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Outdoor Reset

Paul Rohrs
Paul Rohrs Member Posts: 357
The wheels have been moving slowly lately in my mind, but I am wondering about outdoor reset and constant flow. Joe at JalcoPlumb posted the other day with a constant flow system drawing using a tekmar 361. I pulled up the Tekmar 021 essay and one the first things it states is that the "Greatest comfort and efficiency is obtained when the supply water is constantly circulated through the system and the temperature of the water is adjusted to match the heating load". So if I design a system with outdoor reset and variable speed mixing, (or proportional mixing) without constant flow, while not inherently flawed, I am not designing for maximum comfort. I still have a comfortable and efficient system, and this is somewhat argumentative, but now I need to consider the parameters for constant flow. Can anyone tell me why to stay away from a constant flow in a given application. Domestic Hot water? Any secondary loop that is not going to pull BTU's from the primary is a candidate? I have seen a few posts with noise issues from Pex-Al-Pex supply lines that would be a good candidate as well. I want to re-define when designing to give the best package available, given a budget or guidelines. Is the criteria more broad in that I should use constant flow in a high water content, low mass boiler application when zoning by circulators? Does this exempt systems with zone valves?
Having said that, I am really looking forward to the new product from infinity labs that will give, "Indoor-reset". That might not be the right terminology but My skull full of mush hasn't sorted out the particulars of that control. I think I understand that it will monitor the Differential and modulate the boiler accordingly. We still need the availablity for mix temperatures, so should that be constant flow as well?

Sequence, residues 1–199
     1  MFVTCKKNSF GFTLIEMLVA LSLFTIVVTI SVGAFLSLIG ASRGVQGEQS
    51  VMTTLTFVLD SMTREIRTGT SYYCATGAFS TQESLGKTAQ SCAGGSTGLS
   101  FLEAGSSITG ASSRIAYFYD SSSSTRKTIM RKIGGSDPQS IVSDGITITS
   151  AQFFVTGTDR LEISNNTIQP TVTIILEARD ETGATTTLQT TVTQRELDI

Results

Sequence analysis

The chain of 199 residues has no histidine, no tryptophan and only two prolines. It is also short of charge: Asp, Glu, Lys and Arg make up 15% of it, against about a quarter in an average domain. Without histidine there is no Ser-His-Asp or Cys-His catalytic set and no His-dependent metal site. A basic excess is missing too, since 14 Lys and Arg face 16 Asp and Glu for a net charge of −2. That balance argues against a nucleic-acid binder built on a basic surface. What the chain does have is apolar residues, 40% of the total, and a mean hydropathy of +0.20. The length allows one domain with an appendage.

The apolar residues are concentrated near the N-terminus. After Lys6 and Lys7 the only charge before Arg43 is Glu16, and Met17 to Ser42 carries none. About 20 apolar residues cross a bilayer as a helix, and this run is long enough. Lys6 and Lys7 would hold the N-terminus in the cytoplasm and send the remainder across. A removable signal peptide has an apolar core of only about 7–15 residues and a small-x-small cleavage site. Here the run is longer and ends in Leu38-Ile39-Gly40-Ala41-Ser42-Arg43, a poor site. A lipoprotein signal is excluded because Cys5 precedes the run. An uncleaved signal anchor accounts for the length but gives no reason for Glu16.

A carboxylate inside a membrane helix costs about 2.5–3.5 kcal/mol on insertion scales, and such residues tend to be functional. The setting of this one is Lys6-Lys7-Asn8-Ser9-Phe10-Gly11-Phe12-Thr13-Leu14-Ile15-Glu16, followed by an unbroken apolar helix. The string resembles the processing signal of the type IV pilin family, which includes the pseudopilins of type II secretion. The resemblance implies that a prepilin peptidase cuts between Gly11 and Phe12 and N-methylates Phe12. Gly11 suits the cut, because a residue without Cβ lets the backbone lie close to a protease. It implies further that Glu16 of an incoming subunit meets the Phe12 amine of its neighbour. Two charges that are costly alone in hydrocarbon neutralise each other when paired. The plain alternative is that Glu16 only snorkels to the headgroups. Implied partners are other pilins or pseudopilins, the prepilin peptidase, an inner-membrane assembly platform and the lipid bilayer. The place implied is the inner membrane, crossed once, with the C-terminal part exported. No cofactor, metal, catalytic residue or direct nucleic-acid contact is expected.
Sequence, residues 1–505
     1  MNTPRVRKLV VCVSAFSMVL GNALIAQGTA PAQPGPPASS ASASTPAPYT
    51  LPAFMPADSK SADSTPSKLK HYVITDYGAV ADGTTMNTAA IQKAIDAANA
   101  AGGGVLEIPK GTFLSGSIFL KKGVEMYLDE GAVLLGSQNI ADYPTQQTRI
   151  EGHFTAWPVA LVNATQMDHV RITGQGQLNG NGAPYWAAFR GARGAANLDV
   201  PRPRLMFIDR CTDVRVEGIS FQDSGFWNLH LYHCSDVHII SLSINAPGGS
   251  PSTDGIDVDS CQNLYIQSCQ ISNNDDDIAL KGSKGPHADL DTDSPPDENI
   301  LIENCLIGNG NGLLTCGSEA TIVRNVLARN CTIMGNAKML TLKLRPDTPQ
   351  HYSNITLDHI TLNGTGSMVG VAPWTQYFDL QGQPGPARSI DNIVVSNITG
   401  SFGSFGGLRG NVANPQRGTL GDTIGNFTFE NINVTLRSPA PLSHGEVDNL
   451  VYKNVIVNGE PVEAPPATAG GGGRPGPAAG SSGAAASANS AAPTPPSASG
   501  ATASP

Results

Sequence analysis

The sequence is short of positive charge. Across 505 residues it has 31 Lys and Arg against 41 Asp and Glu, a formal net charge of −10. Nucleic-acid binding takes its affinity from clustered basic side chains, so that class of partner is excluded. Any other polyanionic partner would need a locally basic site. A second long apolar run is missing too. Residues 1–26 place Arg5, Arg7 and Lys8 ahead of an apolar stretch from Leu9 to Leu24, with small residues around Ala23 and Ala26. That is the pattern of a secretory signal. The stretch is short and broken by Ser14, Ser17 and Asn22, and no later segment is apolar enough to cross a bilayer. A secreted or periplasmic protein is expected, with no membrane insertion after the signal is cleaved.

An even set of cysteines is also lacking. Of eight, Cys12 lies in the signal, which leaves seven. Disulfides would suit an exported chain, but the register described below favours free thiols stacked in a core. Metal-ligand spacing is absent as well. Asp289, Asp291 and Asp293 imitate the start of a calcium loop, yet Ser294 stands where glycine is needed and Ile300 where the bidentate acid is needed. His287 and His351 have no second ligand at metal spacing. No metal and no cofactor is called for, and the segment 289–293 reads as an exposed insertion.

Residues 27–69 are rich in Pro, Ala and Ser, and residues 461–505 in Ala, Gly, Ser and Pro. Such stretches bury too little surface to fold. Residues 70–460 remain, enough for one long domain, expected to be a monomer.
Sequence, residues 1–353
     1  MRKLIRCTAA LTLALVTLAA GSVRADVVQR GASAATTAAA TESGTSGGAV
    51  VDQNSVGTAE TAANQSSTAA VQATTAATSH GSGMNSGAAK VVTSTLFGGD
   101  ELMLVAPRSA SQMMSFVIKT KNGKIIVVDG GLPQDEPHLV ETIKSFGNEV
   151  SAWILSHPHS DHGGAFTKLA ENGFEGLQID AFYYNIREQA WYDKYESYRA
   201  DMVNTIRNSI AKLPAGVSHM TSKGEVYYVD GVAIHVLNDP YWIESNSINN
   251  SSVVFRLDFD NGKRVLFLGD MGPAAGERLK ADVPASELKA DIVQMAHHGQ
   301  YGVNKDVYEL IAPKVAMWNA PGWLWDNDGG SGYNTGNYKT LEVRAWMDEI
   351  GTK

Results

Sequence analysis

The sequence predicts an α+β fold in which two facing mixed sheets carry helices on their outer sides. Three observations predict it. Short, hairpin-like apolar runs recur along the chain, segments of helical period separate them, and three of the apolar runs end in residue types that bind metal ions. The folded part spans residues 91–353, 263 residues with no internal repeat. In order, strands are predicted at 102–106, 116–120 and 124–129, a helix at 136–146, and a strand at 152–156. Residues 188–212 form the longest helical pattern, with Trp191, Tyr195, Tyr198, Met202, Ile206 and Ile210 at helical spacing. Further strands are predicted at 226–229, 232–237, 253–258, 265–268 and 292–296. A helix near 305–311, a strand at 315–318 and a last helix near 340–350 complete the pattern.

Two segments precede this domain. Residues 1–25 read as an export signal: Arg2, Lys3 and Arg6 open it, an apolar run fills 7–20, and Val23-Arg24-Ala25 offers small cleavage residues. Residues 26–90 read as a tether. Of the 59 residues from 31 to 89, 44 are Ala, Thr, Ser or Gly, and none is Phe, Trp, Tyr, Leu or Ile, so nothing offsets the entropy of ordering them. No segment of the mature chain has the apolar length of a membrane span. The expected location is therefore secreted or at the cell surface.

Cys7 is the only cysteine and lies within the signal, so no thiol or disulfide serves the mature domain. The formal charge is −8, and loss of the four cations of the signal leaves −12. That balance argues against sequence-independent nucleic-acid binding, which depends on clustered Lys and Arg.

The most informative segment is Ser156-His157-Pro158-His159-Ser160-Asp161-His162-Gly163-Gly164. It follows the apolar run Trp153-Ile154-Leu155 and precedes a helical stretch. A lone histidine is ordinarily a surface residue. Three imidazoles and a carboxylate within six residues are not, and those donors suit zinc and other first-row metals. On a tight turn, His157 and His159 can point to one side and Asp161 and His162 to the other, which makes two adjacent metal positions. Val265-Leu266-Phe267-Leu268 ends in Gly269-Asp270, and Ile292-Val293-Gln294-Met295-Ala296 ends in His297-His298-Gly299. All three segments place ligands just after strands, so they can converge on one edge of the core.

I love this industry and it's ability to keep me "trying to build a better mouse trap".



  • jalcoplumb
    jalcoplumb Member Posts: 3
    I am of the opinion....

    that in a well designed heating system that use of constant circulation can be a great benefit.

    In a new system I prefer to use one complete zone with constant circulation and outdoor reset. When paired with a boiler like a Munchkin the system will provide comfort and energy efficiency.

    I have been getting away from zoning, unless there is a mix of different types of heat i.e. copper-fin baseboard and cast-iron radiators. But then when I zone these applications I like to do it with two or three different constant circulation loops with injection on each. This creates two or three different reset systems that will provide comfort throughout all the zones.

    Doing a system in this manner tends to eliminate a lot of the short cycling you get from multi-zoned systems without a buffer tank. I see a lot of multi-zoned systems without a buffer tank that cycle on and off all day long. The boiler is sized for the whole load i.e. 130,000btu the zones are small 15,000btu zones. Throw in an indirect and wham cycle city.

    Just a few thoughts on the subject I could keep going but I do have to get to work.

  • shawn
    shawn Member Posts: 2
    constant circ systems

    Joe et. al.,